5 See Navy Records Society (NRS): British Naval Documents 1204-1960 (Navy Records Society, 1993).

6 In writing of the relative strengths of the British and French navies, John Ashton commented on the phenomenal growth of the British navy between the years, 1804 and 1806: "In October, 1804, there were in commission 103 ships of the line, 24 fifty-gun vessels, 135 frigates, and 398 sloops -- total 660. In March, 1806, there were 721 ships in commission, of which 128 were of the line. On January 1, 1808, there were 795 in commission, 144 being ships of the line. Many of these were taken from the French ..." (Op. cit., p. 405.)

7 William Cobbett: The Poor Man's Friend (Cambridge University Press, 1982) at vol.#1, p.208. Three Americans were killed and 18 wounded.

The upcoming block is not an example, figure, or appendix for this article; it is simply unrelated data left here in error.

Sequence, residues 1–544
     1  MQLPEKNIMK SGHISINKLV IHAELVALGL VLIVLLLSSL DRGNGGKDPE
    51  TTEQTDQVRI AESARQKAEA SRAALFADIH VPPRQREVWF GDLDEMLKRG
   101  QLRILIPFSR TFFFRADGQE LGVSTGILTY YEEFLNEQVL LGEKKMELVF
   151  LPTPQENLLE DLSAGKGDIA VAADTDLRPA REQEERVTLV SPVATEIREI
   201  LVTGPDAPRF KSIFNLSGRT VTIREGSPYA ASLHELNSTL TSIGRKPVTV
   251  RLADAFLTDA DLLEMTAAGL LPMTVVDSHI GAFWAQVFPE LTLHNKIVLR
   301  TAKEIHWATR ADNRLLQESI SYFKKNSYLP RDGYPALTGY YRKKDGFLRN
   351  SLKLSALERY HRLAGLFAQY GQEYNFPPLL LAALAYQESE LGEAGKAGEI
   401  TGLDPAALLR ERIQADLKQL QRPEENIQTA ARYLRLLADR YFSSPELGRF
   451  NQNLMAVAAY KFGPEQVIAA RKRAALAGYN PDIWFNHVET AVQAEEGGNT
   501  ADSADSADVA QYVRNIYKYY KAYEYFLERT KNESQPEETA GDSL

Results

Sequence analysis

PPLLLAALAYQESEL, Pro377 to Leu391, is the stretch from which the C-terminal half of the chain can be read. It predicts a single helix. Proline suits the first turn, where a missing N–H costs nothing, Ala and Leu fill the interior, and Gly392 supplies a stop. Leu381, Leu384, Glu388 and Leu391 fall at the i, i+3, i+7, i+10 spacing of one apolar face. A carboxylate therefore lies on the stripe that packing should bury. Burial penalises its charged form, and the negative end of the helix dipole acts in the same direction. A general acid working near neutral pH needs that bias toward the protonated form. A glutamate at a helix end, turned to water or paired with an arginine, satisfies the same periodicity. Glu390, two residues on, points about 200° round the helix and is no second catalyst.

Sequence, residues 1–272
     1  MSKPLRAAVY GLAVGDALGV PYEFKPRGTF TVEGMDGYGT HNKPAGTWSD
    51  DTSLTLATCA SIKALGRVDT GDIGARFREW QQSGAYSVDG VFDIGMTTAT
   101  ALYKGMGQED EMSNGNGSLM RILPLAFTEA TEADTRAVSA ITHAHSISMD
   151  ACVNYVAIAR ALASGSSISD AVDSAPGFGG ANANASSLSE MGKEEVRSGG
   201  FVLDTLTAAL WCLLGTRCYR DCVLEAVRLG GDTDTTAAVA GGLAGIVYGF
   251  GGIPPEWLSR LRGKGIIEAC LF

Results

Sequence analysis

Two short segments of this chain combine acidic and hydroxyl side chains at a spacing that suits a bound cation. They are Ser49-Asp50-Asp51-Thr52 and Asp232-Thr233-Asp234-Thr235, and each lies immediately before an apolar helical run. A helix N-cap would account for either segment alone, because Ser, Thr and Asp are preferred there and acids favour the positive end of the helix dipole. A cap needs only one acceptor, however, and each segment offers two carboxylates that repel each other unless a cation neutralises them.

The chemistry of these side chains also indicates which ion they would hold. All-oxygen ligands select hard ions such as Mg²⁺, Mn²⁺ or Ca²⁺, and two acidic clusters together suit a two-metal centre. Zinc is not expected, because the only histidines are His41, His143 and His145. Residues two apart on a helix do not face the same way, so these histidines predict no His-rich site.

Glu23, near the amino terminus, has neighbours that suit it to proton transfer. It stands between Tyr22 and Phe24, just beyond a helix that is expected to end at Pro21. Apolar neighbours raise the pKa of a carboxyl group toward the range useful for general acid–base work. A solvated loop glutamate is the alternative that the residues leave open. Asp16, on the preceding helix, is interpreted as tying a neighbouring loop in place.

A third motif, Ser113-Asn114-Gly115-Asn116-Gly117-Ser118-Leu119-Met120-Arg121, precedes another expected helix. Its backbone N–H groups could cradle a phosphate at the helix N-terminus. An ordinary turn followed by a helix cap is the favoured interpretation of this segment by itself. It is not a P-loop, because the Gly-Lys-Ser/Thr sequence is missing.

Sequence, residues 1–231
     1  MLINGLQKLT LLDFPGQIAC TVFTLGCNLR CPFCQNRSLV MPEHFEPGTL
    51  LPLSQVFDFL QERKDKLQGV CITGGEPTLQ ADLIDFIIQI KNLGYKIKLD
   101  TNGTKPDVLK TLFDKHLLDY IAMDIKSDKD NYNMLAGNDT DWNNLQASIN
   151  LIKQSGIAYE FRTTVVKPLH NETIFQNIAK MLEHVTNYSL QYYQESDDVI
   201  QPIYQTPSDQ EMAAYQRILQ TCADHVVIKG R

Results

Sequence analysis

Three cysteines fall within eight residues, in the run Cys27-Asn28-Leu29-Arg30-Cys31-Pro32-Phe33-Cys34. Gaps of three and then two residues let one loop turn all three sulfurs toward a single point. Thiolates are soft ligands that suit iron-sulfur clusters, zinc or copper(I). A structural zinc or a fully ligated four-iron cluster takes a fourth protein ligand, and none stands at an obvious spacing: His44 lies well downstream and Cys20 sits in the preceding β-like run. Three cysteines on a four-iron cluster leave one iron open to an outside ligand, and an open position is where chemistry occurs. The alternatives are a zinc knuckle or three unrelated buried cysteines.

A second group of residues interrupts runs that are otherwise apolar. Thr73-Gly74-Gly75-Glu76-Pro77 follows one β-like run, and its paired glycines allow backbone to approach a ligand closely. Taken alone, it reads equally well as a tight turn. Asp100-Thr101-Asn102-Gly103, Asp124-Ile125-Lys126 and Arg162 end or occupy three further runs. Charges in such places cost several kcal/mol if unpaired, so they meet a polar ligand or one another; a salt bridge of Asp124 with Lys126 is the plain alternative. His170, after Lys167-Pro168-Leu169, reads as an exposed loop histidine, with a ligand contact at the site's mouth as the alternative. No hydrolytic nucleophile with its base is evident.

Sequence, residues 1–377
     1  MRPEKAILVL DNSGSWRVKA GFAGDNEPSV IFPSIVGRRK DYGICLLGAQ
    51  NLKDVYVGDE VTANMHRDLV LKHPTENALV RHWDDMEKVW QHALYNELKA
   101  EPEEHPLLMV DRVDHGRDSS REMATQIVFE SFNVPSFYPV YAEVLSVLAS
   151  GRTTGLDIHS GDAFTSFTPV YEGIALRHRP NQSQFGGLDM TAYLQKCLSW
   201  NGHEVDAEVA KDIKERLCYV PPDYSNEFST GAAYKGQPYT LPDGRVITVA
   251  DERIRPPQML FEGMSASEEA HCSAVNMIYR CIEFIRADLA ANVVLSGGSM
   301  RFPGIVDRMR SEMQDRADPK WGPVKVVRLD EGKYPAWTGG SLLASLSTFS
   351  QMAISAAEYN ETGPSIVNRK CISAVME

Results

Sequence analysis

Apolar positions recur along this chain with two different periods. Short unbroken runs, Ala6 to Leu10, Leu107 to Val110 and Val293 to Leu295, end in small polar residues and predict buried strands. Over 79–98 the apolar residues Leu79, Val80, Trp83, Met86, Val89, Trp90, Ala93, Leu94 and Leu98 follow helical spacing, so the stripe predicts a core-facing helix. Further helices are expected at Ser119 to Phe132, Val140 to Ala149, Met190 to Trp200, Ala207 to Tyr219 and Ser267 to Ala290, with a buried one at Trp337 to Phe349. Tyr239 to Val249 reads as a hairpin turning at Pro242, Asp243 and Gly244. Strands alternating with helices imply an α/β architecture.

8 For some insight into Wellington, see John Keegan's The Mask of Command for a splendid little write up.

9 See Spater, William Cobbett: The Poor Man's Friend, op. cit., at vol.#1, p. 212.

10 As quoted by Spater, Ibid.

11 Ibid.; see, Ashton, op. cit., at pp. 144-5, where the articles of this treaty (it is referred to as the Convention of Cintra) are set forth.

12 Hazlitt, as he disclosed in his essay, "On Living to One's Self (1821)" had at one time a discussion with Nicholson.

13 Autobiography of Benjamin Robert Haydon (Oxford University Press, nd) at p. 87.

14 Spater's William Cobbett, vol.2, p.312.

15 Spater, vol.2, p.313.

16 Ashton, op. cit., p. 132.

17 Incidently, a few years back, I popped around to the Southampton Buildings and took this picture.